Grassland birds in population freefall

Spring is springing, and our meadows are ringing with the sweet song of lusty meadowlarks.  But no matter what idyllic prairie moments I might enjoy in the field over the next few months, one disturbing fact remains:  North American grasslands are imperiled and impoverished landscapes.

If you visit the Partners in Flight Species Assessment Database you can sort the list of North American birds by the various columns. One is CBSD or “Common Birds in Steep Decline.” There look to be 34 species that met the criteria for that designation. Topping the list is the most rapidly declining species in the US, Northern Bobwhite (a quail that is still a very popular game bird where it remains common). If you are familiar with these species one thing jumps out at you from this list: grassland birds are in trouble. Eastern Meadowlark, Bobolink, Grasshopper Sparrow, Horned Lark, Loggerhead Shrike – I counted 11 of the 34 that are grassland specialists. The remaining species on the list do not organize so obviously around one land cover type. Our grasslands need help.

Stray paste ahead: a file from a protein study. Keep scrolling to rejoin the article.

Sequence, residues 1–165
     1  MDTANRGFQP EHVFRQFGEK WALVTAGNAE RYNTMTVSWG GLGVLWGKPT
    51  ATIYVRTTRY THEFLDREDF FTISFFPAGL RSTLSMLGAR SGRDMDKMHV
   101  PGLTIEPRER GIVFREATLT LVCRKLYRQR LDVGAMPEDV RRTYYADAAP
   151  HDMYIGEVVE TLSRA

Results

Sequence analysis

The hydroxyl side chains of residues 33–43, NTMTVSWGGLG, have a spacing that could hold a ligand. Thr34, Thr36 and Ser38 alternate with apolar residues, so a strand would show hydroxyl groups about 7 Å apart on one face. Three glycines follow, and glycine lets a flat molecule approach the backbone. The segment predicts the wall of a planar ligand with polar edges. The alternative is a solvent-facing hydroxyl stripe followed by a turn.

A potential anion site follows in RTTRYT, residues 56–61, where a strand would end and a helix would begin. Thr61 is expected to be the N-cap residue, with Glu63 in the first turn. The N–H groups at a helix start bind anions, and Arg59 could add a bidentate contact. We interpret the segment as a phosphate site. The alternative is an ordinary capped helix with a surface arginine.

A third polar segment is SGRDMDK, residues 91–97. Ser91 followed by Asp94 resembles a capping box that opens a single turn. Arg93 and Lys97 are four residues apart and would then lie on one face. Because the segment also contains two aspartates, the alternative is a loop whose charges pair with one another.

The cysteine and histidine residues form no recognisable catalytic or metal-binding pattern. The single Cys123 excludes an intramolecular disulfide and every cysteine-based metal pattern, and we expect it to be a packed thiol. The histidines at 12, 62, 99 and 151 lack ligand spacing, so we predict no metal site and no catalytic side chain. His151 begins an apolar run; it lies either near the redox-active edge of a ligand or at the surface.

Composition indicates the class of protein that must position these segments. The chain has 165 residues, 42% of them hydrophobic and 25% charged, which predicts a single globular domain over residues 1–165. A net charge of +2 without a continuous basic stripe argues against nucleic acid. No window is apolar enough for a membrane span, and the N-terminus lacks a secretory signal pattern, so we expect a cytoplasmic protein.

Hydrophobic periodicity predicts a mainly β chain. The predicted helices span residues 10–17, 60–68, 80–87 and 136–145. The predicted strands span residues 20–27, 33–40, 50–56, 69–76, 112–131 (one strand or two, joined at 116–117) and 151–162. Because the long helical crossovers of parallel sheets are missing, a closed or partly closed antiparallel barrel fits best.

For how much longer will the Grasshopper Sparrow’s buzz punctuate summer mornings on our prairies?
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